A flat roof that had been over-coated with a liquid based system which itself is breaking down. A bonded overlay would not be suitable although with some preparatory works a mechanically fastened overlay system might be an option.

Core sample which revealed insulation was a tapered scheme; vapour control layer was damp. Deck found to be screed surface (confirmed as concrete from internal inspection).

In addition to the visual inspection, it is also useful to carry out an intrusive inspection of the waterproofing build up. This can confirm number important factors such as if the roof insulated from above, if so, what is the type and thickness of the insulation and is the insulation also a means to providing falls.

An intrusive inspection also gives the opportunity to confirm moisture or water containment as well as confirming the roof deck structure.

If moisture or water is found, then further core samples should be taken to try and establish how widespread the problem may be.

If extensive water contamination is found, it would be wise not to penetrate the vapour control layer as it may be preventing further damage to the roof deck and structure.

Where the roof deck can be inspected the type and the condition can be appraised. Older deck types such as Chipboards and Stramit (strawboard with paper facings) will most likely have outlived their structural stability and should be replaced.

Both are susceptible to degradation if subjected to water contamination. Woodwool slabs were used in a variety of methods, plain boards with no edge reinforcement and boards with steel side edge reinforcement.

There were also options for a pre-screeded type which carried a thin cementitious screed topping. Woodwool slabs were also used to fully over screed with a minimum 50mm screed thickness.

Unless fully screeded, Woodwool slabs must be considered as a fragile roof deck. The inspection should also evaluate whether detailing is correctly designed, and adjacent structures appear sound and weatherproof.

An internal inspection is just as important as an external inspection; are there stains on the ceiling or the underside of the deck? If so, what is the extent of such tell-tale signs? Questioning the occupants on the history also helps paint a picture.

Chipboard Deck Collapse viewed from underside. Roofing system above had leaked for some time with the chipboard absorbing the moisture.

Failure due to poor ventilation of a “Cold Roof” design.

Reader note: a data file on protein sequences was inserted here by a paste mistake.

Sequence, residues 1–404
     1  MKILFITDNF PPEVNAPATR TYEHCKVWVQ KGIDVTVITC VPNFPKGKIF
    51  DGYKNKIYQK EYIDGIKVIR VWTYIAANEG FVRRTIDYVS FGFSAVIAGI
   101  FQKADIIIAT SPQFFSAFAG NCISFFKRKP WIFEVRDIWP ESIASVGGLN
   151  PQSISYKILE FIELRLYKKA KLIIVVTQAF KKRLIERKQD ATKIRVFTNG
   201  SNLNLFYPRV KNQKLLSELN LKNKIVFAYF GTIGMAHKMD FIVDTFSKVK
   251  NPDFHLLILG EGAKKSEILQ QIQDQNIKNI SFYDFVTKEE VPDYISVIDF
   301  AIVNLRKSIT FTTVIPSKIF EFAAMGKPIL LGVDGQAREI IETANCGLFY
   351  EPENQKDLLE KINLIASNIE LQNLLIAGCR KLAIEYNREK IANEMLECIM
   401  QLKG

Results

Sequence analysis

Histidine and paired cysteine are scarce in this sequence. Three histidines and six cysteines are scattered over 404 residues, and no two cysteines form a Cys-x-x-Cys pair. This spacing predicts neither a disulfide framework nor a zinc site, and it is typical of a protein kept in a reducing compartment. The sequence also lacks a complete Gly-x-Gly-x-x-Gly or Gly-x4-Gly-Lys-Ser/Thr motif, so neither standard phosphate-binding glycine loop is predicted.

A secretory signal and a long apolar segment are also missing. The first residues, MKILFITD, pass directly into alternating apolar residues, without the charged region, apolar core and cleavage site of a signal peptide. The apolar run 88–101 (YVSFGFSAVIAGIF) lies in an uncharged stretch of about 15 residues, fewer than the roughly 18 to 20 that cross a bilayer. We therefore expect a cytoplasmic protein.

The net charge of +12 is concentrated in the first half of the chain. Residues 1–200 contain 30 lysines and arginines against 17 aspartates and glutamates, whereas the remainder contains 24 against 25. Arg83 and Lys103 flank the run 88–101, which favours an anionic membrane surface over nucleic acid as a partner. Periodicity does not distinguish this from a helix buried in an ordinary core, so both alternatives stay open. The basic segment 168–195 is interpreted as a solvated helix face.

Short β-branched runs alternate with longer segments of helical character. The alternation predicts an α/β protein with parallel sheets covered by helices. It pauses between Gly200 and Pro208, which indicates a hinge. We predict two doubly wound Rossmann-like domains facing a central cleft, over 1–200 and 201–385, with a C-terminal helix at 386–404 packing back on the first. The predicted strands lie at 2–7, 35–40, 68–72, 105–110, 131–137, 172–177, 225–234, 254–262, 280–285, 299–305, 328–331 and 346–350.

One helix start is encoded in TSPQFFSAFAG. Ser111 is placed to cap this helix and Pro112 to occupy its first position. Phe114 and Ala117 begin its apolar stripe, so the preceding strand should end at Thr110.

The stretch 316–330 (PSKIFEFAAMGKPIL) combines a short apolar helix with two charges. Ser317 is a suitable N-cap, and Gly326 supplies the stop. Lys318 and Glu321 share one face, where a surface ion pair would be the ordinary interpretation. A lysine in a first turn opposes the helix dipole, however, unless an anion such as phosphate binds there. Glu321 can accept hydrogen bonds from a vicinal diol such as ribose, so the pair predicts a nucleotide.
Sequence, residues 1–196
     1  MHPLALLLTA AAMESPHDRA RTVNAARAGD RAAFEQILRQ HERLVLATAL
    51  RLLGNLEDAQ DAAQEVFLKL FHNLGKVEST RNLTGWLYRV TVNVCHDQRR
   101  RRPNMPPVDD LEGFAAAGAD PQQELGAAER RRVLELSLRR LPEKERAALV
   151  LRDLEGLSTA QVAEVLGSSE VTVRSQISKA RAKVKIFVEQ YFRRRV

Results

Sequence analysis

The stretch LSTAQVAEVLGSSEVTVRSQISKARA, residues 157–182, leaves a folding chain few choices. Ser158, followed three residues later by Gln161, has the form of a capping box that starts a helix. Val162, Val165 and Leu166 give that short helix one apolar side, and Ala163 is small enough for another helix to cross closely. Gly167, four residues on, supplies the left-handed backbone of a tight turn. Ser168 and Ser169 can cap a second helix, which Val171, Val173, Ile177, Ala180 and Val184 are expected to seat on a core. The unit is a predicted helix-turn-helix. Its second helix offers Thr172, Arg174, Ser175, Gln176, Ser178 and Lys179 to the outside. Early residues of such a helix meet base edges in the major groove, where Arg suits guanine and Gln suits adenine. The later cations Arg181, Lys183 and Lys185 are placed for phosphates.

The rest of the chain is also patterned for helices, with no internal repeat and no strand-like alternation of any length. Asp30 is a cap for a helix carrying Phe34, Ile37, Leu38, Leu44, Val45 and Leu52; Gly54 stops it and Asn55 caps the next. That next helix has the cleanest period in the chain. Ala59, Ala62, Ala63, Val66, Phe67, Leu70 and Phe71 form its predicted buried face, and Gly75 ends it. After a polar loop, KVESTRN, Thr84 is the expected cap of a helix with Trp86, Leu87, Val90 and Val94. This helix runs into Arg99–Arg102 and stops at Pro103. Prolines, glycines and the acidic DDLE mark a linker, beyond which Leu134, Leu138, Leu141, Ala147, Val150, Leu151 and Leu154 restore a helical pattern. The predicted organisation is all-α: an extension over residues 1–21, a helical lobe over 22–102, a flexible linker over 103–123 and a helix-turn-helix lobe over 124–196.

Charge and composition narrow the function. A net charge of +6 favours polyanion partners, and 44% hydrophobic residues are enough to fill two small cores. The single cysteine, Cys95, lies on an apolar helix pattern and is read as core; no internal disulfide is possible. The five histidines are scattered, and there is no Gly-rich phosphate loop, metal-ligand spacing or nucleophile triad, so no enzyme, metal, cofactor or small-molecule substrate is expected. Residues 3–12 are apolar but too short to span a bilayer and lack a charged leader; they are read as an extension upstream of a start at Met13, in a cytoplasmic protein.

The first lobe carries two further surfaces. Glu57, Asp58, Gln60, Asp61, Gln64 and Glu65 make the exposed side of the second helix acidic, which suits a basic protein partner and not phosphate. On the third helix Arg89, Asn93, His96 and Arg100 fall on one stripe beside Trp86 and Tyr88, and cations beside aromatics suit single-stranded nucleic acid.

The fact that ingress isn’t obvious internally doesn’t mean that water hasn’t been permeating through the system. Equally the internal conditions might have been contributing to an issue that may not have been detected to date.

With a Cold Roof Design (i.e. the insulation is held in the ceiling void), problems can develop over long periods due to condensation build up and inadequate ventilation of the roof void.

If, through core sampling, it is determined that the structure is a cold roof design then the existing ventilation provision should be explored and investigated further.

If the survey provides a clean bill of health, then there is no reason why the existing roofing cannot be retained and overlaid.

The imposed loading of a new layer or layers to the roof must be considered and depending on the overall requirements of the proposed system, it would be prudent to consider sourcing advice from a structural engineer.

  • Has poor detail design contributed to ingress problems?
  • If a cold roof design, is it poorly ventilated?
  • Are the internal conditions unbalanced?
  • Is there entrapped moisture or water in the system?
  • Is the roof deck formed with Chipboard or Stramit?

Any of the above issues will need further investigation and possibly more in depth works such as corrective works and, most likely, to strip and replace the existing roof system.

If the problem has been localised then, when required, repairs to the system and/or structure can be dealt with in isolation before embarking on the main task of overlaying.

IKO Polymeric has a range of membranes that are lightweight and would be ideal for an overlay option. In addition, we can help with roof condition surveys and give impartial advice on the options that would be available.

For further assistance please contact IKO Polymeric’s Technical Team.
T: 01257 488 012